THE scrapping of Scotland’s controversial not proven verdict will be a “bittersweet” moment, according to the bereaved father of tragic Irvine teen, Grace Handling.

First Minister Nicola Sturgeon announced last week that if the abolition of the verdict is approved by MSPs as part of a new Criminal Justice Bill it will be “a change of truly historic significance”, adding that it is “one firmly intended to improve access to justice for victims of crime”.

Stewart Handling, whose daughter Grace died at the age of just 13 after taking ecstasy at a house in Irvine four years ago, was involved in a Scottish Government consultation earlier this year on reforming the legal system after the man who admitted giving Grace the fatal pills was acquitted of killing her following a not proven decision.

Speaking to the Times previously, grieving Stewart said he is “faced with an unfair feeling every day”, and admitted that the outcome of the High Court trial did not give his family “any kind of closure whatsoever”.

After it was revealed that an end could be in sight for the much-maligned three-verdict model, he stopped short of declaring the result as a victory in his campaign for change - but did convey his delight at the news.

“Victory is a strong word, it’s bittersweet,” he said. "It was a shock, the whole thing, with how quick it happened.

READ MORE: Grieving Irvine dad demands end to 'not proven' verdict in courts

“I’m really pleased that the Scottish Government have been democratic here, and bold. They have listened to victims and their families more than they’ve listened to legal bodies.

“This now gives everybody a level playing field, for the accused and the victim, instead of having two chances to be freed or get off with something.

“It’s a good reward for everybody who has campaigned for it and anybody who has been on the receiving end of the not proven verdict.”

Stewart said he didn’t hold out much hope before the process began, but he campaigned for change because he was “angry that Grace had been killed and that nobody had faced justice”.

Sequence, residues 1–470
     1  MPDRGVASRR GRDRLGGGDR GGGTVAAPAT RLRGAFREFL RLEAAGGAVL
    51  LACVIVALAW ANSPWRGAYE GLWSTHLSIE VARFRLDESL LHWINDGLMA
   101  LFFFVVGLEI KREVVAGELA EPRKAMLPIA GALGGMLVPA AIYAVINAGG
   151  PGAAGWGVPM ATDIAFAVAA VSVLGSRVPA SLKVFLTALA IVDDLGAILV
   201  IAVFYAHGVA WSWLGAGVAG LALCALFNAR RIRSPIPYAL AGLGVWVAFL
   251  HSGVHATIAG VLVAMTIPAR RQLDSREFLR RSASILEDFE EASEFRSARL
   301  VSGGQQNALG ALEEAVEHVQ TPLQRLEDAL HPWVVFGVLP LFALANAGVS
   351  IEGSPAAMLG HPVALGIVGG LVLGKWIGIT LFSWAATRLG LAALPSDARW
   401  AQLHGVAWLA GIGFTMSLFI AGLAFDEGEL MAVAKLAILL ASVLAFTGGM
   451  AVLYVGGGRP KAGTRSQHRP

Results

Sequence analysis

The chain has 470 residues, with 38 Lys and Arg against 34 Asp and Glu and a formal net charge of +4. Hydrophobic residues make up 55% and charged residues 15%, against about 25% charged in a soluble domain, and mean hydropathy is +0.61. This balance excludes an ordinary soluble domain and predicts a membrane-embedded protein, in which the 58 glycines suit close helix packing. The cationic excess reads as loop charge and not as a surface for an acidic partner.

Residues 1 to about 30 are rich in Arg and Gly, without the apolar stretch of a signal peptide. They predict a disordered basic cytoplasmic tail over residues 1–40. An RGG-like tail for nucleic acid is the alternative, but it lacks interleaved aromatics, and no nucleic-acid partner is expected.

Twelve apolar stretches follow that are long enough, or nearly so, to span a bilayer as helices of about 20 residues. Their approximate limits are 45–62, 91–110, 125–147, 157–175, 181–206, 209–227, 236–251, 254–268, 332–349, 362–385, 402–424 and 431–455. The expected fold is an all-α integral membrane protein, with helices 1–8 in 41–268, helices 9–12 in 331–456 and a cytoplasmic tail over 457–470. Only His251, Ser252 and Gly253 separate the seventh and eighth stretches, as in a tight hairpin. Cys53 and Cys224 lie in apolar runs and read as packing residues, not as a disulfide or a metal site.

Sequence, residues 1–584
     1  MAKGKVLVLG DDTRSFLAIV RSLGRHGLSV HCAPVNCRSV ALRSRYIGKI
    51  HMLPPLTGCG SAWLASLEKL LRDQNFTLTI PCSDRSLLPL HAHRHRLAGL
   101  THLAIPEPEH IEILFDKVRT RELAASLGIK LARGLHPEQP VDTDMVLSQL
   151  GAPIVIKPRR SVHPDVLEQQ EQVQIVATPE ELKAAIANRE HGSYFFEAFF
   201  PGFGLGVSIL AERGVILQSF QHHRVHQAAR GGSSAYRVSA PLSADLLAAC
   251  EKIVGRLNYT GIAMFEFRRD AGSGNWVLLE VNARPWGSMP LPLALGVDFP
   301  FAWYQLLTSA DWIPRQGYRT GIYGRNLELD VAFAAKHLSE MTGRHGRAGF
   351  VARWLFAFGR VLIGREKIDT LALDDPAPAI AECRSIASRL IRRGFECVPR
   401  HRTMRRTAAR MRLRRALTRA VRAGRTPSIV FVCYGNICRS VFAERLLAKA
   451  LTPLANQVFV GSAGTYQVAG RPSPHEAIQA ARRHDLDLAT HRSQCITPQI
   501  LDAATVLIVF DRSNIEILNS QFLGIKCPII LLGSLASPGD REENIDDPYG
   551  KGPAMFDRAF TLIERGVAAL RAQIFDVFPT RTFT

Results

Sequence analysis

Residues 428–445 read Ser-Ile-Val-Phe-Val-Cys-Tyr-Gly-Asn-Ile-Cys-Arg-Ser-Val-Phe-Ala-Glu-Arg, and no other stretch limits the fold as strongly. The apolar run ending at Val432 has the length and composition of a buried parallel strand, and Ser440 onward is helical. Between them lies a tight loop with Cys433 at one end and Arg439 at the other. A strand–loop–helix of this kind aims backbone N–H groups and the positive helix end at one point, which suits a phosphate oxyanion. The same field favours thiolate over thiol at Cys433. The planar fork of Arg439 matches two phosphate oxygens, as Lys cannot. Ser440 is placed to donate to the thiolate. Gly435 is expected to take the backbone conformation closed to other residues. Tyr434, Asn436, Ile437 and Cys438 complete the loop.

He said: “I still feel the same way, that nobody has been punished for her death, even though she willingly took the deadly pills.

“Campaigning to get the not proven verdict abolished was the only avenue I had to try to change this situation, so I had to put my heart and soul into it.

READ MORE: Teenager walks free from court after Grace drug death tragedy

“I have done this for other people, it’s no use to Grace. I knew my daughter, I know she made a mistake, but my God did she pay the price.”

The Law Society of Scotland said it was “deeply concerned” about the move, claiming it may risk an increase in miscarriages of justice.

However, Victim Support Scotland said they welcomed the Scottish Government's proposals.

A spokesperson said: “For a number of years we have supported victims who have experienced the not proven verdict. The result of this verdict is disappointing and confusing, and has made many feel they cannot move forward with their lives.

“We look forward to working alongside the Scottish Government to shape a criminal justice system that puts victims at the centre, and we will continue to ensure everyone affected by crime is appropriately supported.”

West Scotland Conservative MSP Jamie Greene said: “Scottish Conservatives have been demanding the abolition of this outdated not proven verdict for a considerable time.

“Getting rid of not proven is just one step the SNP Government must take to rebalance our justice system in favour of victims of crime rather than criminals.”